Age of X-Man: Prisoner X #4 // Review
Restlessness grows in a prison for superhuman mutants. It’s nothing out of the ordinary until the warden starts to question what exactly it is that’s going on as everyone else questions what reality is. The Age of X-Man explodes behind bars in the penultimate issue of Prisoner X. Writer Vita Ayala brings dramatic combustion to the page with the aid of artist Germán Peralta in an issue colored by Mike Spicer. It takes the mini-series the better part of four issues to get to a big, final breaking point. The payoff in the combustion at issue’s end more than justifies slow and restless rising tension that’s been going on all year.
Bishop is having a conversation with Warden Forge in solitary confinement. Forge knows that the world they’re in isn’t right, but he needs to believe that it is to justify everything his life has been. Frustrated by the state of things, Bishop makes one last effort to openly address phantom memories of a world outside of apparent reality. Everyone laughs at him, but there’s something more than foolish complacency lurking around the edges of the prison that threatens to break down the fundamental order of the prison.
Ayala’s plot arc for this penultimate issue has a very clean momentum to it. Bishop’s frustration with the state of things is built-up slowly in a few scenes in the first half of the issue. The aggression spills throughout the second half. The tense drama of the first half lights a few charges of anger in the second half that explodes into total chaos. Ayala had laid the proper foreshadowing in earlier issues with Polaris’ silent power. At mid-issue she’s openly talking about the false reality they’re all being fed. Then things explode. It’s a really satisfying approach.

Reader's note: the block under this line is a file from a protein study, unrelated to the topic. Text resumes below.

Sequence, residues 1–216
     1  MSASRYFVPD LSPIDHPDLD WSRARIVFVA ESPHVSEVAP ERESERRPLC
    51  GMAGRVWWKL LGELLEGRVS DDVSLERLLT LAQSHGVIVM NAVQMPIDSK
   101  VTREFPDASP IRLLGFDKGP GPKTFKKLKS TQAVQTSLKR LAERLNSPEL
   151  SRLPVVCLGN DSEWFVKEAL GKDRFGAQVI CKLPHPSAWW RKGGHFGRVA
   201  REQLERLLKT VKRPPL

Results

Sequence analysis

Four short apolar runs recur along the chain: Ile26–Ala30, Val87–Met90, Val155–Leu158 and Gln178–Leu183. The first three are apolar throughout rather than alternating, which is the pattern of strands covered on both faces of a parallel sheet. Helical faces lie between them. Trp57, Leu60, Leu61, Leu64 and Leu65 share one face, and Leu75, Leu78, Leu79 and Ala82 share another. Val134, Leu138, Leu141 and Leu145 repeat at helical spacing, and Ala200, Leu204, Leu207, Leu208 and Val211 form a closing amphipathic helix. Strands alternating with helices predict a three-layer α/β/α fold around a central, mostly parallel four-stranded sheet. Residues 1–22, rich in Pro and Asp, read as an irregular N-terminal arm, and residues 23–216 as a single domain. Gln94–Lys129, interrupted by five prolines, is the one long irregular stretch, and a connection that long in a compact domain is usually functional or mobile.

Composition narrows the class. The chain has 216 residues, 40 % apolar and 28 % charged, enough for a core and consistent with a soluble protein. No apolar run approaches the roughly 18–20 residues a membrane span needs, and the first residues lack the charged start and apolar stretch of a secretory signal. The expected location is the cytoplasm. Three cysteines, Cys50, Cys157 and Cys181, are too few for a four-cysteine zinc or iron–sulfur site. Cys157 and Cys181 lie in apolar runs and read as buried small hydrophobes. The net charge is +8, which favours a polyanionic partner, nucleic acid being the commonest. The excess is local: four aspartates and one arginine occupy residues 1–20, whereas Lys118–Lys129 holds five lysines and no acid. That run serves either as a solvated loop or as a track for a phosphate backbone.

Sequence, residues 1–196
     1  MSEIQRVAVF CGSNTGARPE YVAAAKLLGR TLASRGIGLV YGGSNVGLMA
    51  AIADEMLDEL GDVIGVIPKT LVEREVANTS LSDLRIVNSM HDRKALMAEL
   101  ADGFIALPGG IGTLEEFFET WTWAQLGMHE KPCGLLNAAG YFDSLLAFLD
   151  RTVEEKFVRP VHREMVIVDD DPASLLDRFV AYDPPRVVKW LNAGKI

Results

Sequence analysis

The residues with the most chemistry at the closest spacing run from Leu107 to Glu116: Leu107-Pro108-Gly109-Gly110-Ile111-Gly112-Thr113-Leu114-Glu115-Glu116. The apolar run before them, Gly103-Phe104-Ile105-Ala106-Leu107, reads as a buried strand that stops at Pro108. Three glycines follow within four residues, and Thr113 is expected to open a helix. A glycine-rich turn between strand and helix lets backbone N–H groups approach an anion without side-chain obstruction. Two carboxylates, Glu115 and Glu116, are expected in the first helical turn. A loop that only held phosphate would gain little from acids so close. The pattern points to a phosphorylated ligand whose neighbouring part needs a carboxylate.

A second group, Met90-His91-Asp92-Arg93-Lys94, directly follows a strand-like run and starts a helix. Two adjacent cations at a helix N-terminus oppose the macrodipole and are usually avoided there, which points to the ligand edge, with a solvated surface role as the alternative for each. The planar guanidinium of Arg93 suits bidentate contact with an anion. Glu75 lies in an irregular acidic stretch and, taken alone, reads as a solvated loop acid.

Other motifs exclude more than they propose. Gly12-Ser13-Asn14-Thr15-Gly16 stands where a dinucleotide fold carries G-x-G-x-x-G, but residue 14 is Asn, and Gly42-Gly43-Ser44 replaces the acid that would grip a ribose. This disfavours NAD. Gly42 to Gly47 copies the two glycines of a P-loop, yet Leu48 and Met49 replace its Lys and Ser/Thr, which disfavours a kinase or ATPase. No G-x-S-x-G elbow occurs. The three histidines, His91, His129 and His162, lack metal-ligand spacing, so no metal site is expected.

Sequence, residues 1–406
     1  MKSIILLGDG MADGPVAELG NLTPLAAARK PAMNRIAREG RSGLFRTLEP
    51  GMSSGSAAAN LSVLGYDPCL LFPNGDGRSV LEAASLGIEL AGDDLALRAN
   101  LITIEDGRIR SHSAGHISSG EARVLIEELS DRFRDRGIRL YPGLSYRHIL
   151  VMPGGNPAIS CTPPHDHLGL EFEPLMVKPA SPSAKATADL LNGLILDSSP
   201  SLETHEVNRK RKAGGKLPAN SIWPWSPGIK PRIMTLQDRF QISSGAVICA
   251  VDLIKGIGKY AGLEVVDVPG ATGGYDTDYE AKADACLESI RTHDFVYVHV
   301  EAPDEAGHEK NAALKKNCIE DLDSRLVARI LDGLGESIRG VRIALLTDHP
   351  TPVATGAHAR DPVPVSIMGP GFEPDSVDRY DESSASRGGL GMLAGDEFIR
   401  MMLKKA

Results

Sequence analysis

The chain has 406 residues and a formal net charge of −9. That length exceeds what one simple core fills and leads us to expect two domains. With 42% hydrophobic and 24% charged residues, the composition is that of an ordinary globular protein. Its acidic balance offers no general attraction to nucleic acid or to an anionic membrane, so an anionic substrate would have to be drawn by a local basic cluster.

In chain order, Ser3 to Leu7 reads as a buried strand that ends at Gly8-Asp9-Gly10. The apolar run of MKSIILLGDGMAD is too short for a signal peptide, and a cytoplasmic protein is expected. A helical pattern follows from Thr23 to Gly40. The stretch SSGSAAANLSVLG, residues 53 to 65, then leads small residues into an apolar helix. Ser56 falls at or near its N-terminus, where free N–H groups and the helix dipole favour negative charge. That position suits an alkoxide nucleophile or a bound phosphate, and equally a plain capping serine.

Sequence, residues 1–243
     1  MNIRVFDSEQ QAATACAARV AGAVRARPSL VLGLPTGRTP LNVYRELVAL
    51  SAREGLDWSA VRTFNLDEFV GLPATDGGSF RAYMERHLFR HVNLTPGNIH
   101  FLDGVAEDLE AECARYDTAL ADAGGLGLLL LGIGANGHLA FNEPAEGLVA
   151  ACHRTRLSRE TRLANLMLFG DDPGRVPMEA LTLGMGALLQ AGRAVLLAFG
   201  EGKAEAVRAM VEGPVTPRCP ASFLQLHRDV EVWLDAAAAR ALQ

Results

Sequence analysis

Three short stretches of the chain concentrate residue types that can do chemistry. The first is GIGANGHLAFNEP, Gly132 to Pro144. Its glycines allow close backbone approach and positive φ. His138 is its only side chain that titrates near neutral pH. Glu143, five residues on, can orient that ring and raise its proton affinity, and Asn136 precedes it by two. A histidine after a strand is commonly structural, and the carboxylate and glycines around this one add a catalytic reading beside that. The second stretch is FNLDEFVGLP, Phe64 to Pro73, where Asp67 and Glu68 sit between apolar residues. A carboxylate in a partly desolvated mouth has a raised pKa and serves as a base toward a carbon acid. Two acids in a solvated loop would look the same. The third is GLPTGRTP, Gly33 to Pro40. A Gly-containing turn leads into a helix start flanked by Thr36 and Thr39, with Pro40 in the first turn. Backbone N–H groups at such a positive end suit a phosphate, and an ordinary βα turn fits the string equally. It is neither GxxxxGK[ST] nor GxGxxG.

Peralta and Spicer are allowed to contrast static dramatic tension against aggressive, violent action. Though the contrast isn’t nearly as powerful as it could have been, the oppressive stillness of the first half of the issue DOES allow the action in the second half to feel like a release. Aggression detonates in a few powerful panels, but the sincere bewilderment of a system totally breaking down doesn’t feel quite as overwhelming as it could have been at issue’s end. At the center of it all, Bishop and Polaris are given a great deal of impact by Peralta and Spicer. Their dormant frustration is given a few powerful close-ups throughout the first half.
The big climax of tension at issue’s end brings-up a rather strange problem for the final issue of the series. It’s starting on something that really feels like it’s the end of the series, but there’s still a whole issue to crunch through before the story reaches its conclusion. Prisoner X #4 feels like the culmination of everything. Ayala and company do an excellent job of delivering on that climax. It’ll be interesting to see where they take it for another 20 pages as the series ends next month.